Parallel session on topics 5 and 6 (roughly, inorganic colloids)

Two talks on secondary structures in gold nanoparticle systems with potential applications to SERS:
Two other talks focused on magnetic nanoparticles:
  • Laura Rossi (Utrecht University) on the self-assembly of hematite cubes (paper not yet published).
  • Golnaz Isapour (Fribourg University, in the group of Marco Lattuada) on color-changing materials based on responsive polymers (pNIPAM for temperature and PVP for pH).
Aside from the nice work, the last talk also references a paper on Color change in chameleons, from which I learned that structures that generate structural colors are called iridophores (great name!), in contrast with the pigment-bearing chromatophores. I have already written about structural colors on this blog.


18 August 2017

Surprise and belief update

In a previous post, I started discussing a paper [1] on the (un)surprising nature of a long streak of heads in a coin toss. My conclusion was that the surprise is not intrinsic to the particular sequence of throws, but rather residing in its relation with our prior information. I will detail this reasoning here, before returning to the paper itself.

Let us accept as prior information the null hypothesis \(H_0\) "the coin is unbiased". The conditional probabilities of throwing heads or tails are then equal: \(P(H|H_0) = P(T|H_0)=1/2\). With the same prior, the probability of any sequence \(S_k\) of 92 throws is the same: \(P(S_k|H_0) = 2^{-92}\), where \(k\) ranges from \(1\) to \(2^{92}\).

Assum now that the sequence we actually get consists of all heads: \(S_1 = \lbrace HH \ldots H\rbrace\) What is the (posterior) probability of getting heads on the 93rd throw? Let us consider two options:
  1.  We can hold steadfast to our initial estimate of lack of bias \(P(H|H_0) = 1/2\).
  2. We can update our "belief value" and say something like: "although my initial assessment was that the coin is unbiased [and the process of throwing is really random and I'm not hallucinating etc.], having thrown 92 heads in a row is good evidence to the contrary and on next throw I'll probably also get heads". Thus, \(P(H|H_0 S_1) > 1/2\) and in fact much closer to 1. How close exactly depends on the strength of our initial confidence in \(H_0\), but I will not do the calculation here (I sketched it in the previous post).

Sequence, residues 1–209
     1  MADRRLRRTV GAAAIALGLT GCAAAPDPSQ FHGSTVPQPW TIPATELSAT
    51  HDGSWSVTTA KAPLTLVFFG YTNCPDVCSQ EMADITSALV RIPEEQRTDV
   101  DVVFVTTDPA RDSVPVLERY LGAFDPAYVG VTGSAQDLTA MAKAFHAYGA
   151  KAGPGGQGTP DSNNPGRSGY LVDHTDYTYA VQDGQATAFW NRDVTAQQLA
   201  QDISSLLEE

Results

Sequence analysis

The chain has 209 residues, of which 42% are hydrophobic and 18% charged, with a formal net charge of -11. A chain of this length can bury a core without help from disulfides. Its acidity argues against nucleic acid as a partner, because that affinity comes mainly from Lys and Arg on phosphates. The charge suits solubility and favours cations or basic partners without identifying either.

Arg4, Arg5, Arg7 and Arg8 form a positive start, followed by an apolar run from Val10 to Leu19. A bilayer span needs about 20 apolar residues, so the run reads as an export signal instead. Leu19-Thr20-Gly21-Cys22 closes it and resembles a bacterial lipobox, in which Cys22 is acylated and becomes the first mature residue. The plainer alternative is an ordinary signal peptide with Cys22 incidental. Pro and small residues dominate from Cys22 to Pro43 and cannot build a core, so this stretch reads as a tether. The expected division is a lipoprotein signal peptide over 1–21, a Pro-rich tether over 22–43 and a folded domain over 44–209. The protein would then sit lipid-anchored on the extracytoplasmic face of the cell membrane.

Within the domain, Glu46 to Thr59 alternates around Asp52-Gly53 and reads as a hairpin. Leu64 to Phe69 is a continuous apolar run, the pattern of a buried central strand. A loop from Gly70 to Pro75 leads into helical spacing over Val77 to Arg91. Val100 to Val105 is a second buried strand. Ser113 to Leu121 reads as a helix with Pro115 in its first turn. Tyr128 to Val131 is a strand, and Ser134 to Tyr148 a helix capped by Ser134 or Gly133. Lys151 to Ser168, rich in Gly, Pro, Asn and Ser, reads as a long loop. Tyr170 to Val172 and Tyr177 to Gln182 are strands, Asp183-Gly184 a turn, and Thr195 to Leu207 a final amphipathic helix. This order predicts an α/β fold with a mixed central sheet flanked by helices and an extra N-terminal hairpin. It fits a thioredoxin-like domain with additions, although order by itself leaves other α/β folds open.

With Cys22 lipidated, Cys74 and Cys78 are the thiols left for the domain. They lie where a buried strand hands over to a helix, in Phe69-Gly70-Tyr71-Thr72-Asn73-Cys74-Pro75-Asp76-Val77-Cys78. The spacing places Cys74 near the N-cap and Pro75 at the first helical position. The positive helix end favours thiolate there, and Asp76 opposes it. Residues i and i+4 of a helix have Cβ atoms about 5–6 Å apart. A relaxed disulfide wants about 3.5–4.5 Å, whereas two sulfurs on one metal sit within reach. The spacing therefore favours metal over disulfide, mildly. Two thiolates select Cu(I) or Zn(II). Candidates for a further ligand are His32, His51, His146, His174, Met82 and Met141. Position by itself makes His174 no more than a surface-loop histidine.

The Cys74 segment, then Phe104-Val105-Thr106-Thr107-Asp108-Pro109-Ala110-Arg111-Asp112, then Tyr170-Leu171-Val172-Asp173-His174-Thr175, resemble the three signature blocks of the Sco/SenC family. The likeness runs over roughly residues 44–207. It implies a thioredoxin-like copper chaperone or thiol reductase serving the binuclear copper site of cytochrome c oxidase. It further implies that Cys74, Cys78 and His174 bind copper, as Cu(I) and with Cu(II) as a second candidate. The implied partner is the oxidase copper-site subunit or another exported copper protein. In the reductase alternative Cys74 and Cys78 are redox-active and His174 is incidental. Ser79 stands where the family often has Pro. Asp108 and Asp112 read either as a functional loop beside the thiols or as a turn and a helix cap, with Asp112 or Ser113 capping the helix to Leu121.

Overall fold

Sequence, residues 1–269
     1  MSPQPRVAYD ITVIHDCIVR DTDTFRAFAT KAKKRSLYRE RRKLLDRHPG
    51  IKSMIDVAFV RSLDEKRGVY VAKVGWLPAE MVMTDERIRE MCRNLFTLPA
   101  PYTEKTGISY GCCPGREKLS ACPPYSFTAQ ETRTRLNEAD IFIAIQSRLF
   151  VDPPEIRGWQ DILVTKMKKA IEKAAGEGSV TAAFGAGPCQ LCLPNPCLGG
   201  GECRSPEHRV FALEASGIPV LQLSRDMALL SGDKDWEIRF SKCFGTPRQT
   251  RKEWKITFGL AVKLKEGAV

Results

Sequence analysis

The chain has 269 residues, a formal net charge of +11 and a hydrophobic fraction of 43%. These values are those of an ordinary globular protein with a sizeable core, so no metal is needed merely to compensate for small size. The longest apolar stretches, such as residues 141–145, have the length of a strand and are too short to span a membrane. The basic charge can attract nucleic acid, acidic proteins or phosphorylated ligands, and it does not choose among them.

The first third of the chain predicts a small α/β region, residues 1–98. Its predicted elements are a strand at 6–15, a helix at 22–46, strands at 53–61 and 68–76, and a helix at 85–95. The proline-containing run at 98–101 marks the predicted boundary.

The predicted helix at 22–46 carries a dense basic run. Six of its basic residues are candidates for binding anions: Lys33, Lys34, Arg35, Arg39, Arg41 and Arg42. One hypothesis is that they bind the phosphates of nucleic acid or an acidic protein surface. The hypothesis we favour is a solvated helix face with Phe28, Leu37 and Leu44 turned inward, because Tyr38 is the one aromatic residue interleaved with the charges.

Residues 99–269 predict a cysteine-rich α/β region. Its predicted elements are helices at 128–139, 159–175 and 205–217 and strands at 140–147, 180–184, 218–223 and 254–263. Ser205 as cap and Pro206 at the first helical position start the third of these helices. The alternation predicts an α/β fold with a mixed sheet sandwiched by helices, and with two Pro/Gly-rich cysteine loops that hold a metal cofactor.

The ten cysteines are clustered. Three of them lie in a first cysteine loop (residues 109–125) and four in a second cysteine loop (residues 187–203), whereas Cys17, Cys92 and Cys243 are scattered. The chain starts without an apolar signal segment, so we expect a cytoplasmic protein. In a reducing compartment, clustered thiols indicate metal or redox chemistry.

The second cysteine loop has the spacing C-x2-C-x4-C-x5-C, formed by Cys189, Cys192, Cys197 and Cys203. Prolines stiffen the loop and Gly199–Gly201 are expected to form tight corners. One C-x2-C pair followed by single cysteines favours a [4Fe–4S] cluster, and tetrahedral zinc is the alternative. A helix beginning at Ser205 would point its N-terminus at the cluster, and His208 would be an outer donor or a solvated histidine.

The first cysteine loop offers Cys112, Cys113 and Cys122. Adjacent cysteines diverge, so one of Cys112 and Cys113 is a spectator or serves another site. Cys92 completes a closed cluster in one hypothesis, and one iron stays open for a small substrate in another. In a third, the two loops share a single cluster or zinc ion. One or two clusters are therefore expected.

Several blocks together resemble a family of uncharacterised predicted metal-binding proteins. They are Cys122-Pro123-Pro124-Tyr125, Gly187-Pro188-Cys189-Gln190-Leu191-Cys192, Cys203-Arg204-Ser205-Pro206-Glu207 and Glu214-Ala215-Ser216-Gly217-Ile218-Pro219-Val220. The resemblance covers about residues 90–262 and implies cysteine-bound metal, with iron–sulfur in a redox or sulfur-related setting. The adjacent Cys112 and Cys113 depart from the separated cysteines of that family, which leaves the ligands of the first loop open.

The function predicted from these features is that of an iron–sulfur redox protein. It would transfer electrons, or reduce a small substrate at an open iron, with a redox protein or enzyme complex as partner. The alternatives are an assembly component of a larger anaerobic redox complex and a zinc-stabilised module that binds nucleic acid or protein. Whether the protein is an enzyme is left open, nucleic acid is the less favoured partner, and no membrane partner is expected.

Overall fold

I would say that most rational persons would choose option 2 and abandon \(H_0\); holding on to it (choice 1) would require an extremely strong confidence in our initial assessment.

Note that for a sequence \(S_2\) consisting of 46 heads and 46 tails (in any order) the distinction above is moot, since \(P(H|H_0 S_2) =P(H|H_0) = 1/2\). The distinction between \(S_1\) and \(S_2\) is not their prior probability [2] but the way they challenge (and update) our belief.

Back to Martin Smith's paper now: what makes him adopt the first choice? I think the most revealing phrase is the following:

When faced with this result, of course it is sensible to check [...] whether the coins are double-headed or weighted or anything of that kind. Having observed a run of 92 heads in a row, one should regard it as very likely that the coins are double-headed or weighted. But, once these realistic possibilities have been ruled out, and we know they don’t obtain, any remaining urge to find some explanation (no matter how farfetched) becomes self-defeating.[italics in the text]

As I understand it, he implicitly distinguishes between two kinds of propositions: observations (such as \(S_1\)) and checks (which are "of the nature of" \(H_0\), although they can occur after the fact) and bestows upon the second category a protected status: these types of conclusions, e.g. "the coin is unbiased" survive even in the face of overwhelming evidence to the contrary (at least when it results from observation.)